If he was a supplier of cooking equipment, or a repo man, he'd be throwing out some pretty choice expletives right now in response to an attitude like that. Lucky for her, he had a few more manners than she was displaying. No wonder she was such a PR disaster. He shrugged out of his suit jacket and finding nowhere to put it on the crowded counter, laid it across his knee. "I've come to discuss your contract with Dent and Douglas."
Her shoulders straightened. "My contract with Dent and Douglas is finished. I explained to Angela Jenkins that it wasn't working out." She turned and began to play with the strings of the apron. "If there are things to sign, my lawyer will take care of it."
She leaned closer and the K slipped beneath the fabric to a part of her he couldn't see.
He swallowed then refocused. Given her significant business troubles, the fight she still had left inside was admirable, and surprisingly sexy. "I'm Angela's replacement."
Her cinnamon eyes darted from the apron to his face. "May I see your card?"
Shit. His stomach clenched. He was going to have enough trouble making her come around if she thought he worked for Dent and Douglas. If she knew he was D and D's new buyer and that they wouldn't sell until he'd fixed her, she'd be the one in the driver's seat, and no way was that happening. His real identity could be saved for later. "I left my last card with your guy upstairs. Call him."
She turned as if looking for her phone then seemed to think better of it. "In case you haven't quite gotten the message, I've changed my mind. I don't want an image consultant anymore. Thanks for your time, I'm sorry it was wasted."
Good. She believed him. But he wasn't going anywhere. "No consultant? Why?"
There was that tongue again, slipping between her lips, and he found his eyes being constantly pulled there. "Because I need to get myself out of this mess." A flare of pain blossomed in her eyes.
So, there was a heart beating behind that tough shell. "And how do you intend to do that on your own? From what I understand, your brand's looking about as attractive as a high-speed train wreck right now. And you're the one who's still standing on the accelerator. Seems to me like you need a lot of professional help. Fast."
She pulled the hat from her head and tiny blond hairs stood up at different angles. The pain was still in her eyes and her face softened. "By working hard, cooking well, things I've done since the start of my career. No amount of PR speak and fancy outfits is going to do that for me."
He picked up some sort of metal cooking utensil and turned the handle. "I'd suggest it wasn't your cooking or your work ethic that got you into this mess so it's not likely they'll get you out. Your brother did the right thing hiring the best PR firm in town to turn your fortunes around. You'll never put this right on your own. From what I understand, if you don't act soon you're going to have a parade of removal men banging down your door. And they might not be as gentlemanly as me."
She'd rolled the apron into a ball and threw it to the side. "Flynn has a good heart but he has no clue about this industry." She rubbed her forehead. "Your colleague, Angela, started telling me what I should wear, how I should speak, who I should be associating with." Her eyes flashed as she spoke.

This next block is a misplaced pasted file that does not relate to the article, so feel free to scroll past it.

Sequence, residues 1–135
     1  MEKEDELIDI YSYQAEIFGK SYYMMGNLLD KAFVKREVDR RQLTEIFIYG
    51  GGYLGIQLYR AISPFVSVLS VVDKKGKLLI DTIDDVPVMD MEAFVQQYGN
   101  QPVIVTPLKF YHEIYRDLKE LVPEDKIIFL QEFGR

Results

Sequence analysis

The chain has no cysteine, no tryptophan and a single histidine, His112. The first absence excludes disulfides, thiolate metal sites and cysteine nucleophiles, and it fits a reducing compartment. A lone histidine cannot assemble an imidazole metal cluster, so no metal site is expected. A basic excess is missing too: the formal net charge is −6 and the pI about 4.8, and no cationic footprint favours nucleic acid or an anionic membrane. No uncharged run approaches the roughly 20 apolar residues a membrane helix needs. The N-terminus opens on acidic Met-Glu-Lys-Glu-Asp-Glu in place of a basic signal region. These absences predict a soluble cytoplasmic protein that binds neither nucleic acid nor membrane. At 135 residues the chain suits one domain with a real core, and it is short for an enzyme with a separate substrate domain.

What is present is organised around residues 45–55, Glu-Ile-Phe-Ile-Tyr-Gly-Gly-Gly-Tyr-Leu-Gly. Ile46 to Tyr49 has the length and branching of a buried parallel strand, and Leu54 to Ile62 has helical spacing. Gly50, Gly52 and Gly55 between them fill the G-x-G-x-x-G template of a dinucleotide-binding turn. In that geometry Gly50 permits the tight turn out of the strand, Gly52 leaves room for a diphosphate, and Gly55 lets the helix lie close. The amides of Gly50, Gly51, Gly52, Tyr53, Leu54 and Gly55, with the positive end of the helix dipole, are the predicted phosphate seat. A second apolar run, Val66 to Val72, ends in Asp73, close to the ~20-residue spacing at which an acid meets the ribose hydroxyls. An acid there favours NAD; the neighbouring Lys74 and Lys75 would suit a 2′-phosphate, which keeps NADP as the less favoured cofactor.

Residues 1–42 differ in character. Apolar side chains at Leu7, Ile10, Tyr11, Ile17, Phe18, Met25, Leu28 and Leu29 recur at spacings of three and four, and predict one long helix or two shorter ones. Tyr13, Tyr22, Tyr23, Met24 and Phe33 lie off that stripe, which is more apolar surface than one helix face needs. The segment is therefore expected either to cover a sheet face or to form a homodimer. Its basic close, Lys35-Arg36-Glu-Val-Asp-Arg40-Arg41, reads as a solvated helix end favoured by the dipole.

"All good advice which I hear you refused to take."
She laid a hand at her throat, her slim fingers stroking the pale skin that looked as silky as the fabric covering the rest of her top half. "What did you say your name was?"
"Matthews." He threw her his 'trust-me' smile. "Blake Matthews."
"Well, thanks, Blake Matthews but I don't require the services of Dent and Douglas anymore. I'm happy to handle this on my own." She picked up a towel and turned back toward the stove. "If you don't mind, I have a party to cater and you're holding me up." She knelt to look in an oven then pulled open the door.
"What's the party?"
She leaned in and put a skewer into the cake. When she drew it back he noticed her long, dark lashes as she surveyed the end. "It's for the daughter of a friend."
"Sweet Sixteen? Or twenty-first? You must be glad for the work. I've heard that the catering side of Hart Corp. has taken a big hit." He turned the handle on the cooking thing and a blade inside nearly sliced his finger off.
She shut the oven door hard and turned, skewer pointing toward him, cheeks flushed. "It's Maura's fourth birthday, and unless you want to lose a thumb, I suggest you put that down. There's a reason we don't let the public down here."
The public? Prickles rose on his neck for a second and then he reminded himself how much he enjoyed the challenge of getting people like Kirin Hart on his side. Two could play at her game.
He nodded slowly and placed the cutting thing gently on the counter. "How long have you been catering birthday parties for pre-schoolers? And is that sort of work going to stop your business imploding? Can't imagine there's a whole lot of profit in Jell-O molds and Twinkie cakes, or whatever kids eat at parties these days."
She sighed. "My business is none of your business, Mr. Matthews."
"Ah, but that's where you're wrong." He met the challenging spark in her stare and smiled slowly. He'd come from New York to buy Dent and Douglas — the jewel in his crown of image consultancies and PR firms — and suddenly they'd put a halt to the sale. The Kirin Hart debacle — and the resulting media circus — was destroying the reputation LA's most famous PR company had worked fifty years to develop. They wanted proof that Blake had the capacity to maintain the integrity of their name. And they wouldn't sell until he'd proven he could fix Kirin Hart and her image.